As a bonus, you make it more likely that the new crop of professors are the alumni from select few labs: such job candidates not only have a high-esteem patron, but also the dowry to bring to the new institution. And, of course, these are the individuals who, in a few years from now, will be making granting, editorial and recruiting decisions. Hope, they will remember their old friends.

  9. This change will disproportionately impact women who want to have families. Time off pre and post birth will hamper their abilities to produce the same amount of preliminary data and in many cases, some women will ‘age out’ of eligibility.

    If this policy were in place when I applied (and was awarded) my K22, I would have been ineligable. Being awarded this K grant was instrumental in my obtaining a TT academic position.

    This is incredibly shortsighted from an organization that claims to have non-gender biased policies.

  10. I do hope you take into consideration the remarks of “underpaid postdoc” made above. They are quite accurate in my experience thus far and according to at least 5 other postdocs I have spoken with about their K99 / K22 experiences to date.

    I thought the remark “The truth is that anyone good enough to get a K99 is good enough to get a faculty job without it.” was especially apt when I look at several colleagues who have failed to get a K99 due to time / publication restraints then proceeded to get a terrific faculty job without one.

  11. The idea that one can mandate, in a top-down manner, how soon students can graduate, or how soon postdocs can get faculty positions, is the just sort of unrealistic, top-down mechanism most beloved of government bureaucracies. The fact is, however, that the average length of time (in my experience in running faculty searches) for biomedical postdoc training prior to finding a faculty position, is ~6.5 years. In other disciplines it is generally much shorter. Why the difference? – the competition for faculty positions in biomedical sciences is fierce (300 applicants/job is not uncommon); and getting papers into top journals is extremely competitive and often takes 1 – 2 years. Mandating shorter eligibility periods will do nothing to alter these realities. It will simply push the financial burden onto our RO1 grants – which in the current financial climate is the opposite of what one would desire.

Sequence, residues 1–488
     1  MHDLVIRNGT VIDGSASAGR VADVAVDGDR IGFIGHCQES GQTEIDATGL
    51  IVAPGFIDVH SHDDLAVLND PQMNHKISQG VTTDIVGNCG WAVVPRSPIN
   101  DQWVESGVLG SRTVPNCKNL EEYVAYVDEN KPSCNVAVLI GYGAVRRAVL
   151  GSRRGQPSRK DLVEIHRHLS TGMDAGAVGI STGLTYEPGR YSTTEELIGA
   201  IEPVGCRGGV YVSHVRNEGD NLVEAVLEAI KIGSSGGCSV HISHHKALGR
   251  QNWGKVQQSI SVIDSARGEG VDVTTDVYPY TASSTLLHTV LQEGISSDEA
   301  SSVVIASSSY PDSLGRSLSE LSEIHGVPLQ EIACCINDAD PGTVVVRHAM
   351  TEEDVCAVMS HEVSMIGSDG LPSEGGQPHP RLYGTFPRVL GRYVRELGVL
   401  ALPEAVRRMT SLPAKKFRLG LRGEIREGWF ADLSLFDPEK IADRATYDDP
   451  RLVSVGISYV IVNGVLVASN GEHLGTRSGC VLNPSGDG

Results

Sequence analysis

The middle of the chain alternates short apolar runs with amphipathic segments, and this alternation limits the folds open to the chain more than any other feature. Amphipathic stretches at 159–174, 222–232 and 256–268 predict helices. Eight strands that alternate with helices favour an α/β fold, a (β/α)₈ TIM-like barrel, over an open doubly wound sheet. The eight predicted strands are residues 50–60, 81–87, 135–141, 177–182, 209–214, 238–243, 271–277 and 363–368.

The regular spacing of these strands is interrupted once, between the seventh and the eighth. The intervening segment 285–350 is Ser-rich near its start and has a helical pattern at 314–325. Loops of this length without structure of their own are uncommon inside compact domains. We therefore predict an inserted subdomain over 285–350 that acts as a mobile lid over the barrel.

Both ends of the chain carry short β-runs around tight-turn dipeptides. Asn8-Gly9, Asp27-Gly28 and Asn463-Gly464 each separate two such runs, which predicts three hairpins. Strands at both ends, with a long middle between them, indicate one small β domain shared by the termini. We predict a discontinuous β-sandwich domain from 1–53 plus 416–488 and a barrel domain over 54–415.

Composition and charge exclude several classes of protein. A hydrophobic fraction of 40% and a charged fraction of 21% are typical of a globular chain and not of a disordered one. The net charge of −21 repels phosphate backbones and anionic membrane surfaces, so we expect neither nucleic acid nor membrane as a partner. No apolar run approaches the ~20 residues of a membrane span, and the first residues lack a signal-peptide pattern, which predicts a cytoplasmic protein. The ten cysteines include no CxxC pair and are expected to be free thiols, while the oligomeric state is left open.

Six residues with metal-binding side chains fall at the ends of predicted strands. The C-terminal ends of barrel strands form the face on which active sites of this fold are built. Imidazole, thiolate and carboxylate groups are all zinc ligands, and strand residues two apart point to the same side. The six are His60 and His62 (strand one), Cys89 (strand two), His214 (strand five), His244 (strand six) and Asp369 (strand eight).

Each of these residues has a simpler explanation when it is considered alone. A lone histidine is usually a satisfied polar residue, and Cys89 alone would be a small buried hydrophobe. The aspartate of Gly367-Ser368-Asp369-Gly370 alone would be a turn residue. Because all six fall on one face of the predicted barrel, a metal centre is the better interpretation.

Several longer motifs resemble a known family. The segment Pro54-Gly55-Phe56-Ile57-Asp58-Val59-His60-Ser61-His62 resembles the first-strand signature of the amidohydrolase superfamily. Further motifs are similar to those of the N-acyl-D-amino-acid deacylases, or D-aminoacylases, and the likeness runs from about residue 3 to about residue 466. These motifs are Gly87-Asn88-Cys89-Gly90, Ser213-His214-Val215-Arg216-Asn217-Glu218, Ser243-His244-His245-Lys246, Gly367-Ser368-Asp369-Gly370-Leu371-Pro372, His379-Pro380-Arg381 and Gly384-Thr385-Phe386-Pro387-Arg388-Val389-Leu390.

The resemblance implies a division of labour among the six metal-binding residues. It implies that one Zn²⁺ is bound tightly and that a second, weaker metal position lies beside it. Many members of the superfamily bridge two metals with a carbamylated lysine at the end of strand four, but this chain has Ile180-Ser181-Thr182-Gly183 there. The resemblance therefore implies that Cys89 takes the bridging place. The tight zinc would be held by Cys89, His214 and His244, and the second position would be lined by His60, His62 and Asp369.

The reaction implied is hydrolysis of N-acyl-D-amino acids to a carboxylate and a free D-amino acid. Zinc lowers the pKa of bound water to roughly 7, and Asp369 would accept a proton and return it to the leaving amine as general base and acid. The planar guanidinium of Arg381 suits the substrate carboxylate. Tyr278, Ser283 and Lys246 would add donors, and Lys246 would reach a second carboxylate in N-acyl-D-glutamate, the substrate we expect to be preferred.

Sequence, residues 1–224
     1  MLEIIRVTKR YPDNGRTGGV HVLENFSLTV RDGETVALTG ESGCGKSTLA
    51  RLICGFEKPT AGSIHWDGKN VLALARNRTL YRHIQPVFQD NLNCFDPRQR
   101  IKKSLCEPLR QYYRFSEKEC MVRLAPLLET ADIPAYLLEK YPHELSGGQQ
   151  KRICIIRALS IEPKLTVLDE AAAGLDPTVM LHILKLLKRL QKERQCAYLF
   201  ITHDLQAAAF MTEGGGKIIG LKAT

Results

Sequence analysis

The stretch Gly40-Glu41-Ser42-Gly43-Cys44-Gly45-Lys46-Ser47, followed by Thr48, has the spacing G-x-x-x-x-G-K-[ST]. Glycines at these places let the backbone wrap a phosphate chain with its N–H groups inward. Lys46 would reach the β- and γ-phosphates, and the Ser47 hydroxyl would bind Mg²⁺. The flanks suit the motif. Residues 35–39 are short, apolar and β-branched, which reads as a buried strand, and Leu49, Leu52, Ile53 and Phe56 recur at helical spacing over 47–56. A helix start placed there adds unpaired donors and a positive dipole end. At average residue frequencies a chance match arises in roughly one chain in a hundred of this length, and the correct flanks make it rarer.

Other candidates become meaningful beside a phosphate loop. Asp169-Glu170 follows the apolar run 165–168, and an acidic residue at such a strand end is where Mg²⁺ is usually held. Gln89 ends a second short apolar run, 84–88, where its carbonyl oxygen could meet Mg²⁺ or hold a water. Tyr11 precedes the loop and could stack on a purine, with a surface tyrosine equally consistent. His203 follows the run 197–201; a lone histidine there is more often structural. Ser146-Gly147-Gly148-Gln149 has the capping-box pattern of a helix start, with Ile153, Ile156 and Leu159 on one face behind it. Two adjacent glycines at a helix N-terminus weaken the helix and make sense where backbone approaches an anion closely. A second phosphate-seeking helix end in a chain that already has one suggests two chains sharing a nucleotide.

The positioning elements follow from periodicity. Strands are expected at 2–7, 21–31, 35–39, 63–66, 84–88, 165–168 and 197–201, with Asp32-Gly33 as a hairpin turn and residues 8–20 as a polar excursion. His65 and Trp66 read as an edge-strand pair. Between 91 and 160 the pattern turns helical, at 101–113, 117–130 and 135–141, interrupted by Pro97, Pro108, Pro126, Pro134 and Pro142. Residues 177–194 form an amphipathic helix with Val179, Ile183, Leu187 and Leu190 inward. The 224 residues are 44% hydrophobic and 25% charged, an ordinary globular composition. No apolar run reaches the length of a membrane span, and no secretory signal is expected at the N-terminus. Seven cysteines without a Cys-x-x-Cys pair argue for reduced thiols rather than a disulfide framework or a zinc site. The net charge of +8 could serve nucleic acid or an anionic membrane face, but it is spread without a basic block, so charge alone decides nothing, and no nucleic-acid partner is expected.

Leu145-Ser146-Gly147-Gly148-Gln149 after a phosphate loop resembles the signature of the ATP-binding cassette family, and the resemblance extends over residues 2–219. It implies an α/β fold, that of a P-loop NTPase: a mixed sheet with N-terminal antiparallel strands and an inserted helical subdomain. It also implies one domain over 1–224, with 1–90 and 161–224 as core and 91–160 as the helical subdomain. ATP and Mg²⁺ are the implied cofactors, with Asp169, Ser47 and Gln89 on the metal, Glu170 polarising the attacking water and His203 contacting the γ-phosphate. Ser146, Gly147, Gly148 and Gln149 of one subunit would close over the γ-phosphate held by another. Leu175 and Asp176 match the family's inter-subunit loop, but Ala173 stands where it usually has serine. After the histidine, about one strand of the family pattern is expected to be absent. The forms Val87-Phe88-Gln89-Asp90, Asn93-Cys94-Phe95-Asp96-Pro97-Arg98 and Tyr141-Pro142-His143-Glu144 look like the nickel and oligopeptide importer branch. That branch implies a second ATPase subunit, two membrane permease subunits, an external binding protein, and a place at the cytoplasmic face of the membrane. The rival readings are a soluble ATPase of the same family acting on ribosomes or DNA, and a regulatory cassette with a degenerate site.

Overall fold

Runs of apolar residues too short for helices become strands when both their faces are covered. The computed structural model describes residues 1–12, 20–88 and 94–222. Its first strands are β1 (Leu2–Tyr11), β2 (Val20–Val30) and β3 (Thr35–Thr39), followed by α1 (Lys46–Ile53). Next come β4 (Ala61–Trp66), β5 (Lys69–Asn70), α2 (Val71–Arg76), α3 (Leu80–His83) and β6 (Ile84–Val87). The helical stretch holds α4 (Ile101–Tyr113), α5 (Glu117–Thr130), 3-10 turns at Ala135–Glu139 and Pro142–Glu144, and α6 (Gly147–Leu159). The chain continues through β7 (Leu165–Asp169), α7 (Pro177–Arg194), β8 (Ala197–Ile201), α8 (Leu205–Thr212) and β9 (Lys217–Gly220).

Frankly, I think the advisers and the NIH have it backwards. They should be providing fewer but longer fellowships in the biomedical sciences, both at the graduate and postdoctoral stages. This would provide the time for the best scientists to accomplish a significant body of work, which would stand them in good stead for their independent careers. We are already training too many students and postdocs, for too few academic positions and too few RO1 grants. These numbers are not going to suddenly change. Increasing the number of K99 awards will not increase quality. Shortening the eligibility period will not get postdocs into faculty positions faster. Wishing things were true doesn’t make them so, unfortunately.

  12. NIH is heading toward the wrong direction by shortening the eligibility years for K awards and sure sign of disconnected with the reality as pointed out above. In addition, this is really bad news and unfair for those who want balancing family and career and slowing down for a couple of years. This is particular important for women post-docs who also want a family. Not eligible for K awards after 4-years of post-doc takes away the opportunities for many choice about post-doc life. To be fair, the eligibility years for K awards should be open, for those who is ready in year-one of post-doc, go for it. For those who need take longer time, the opportunity should be there.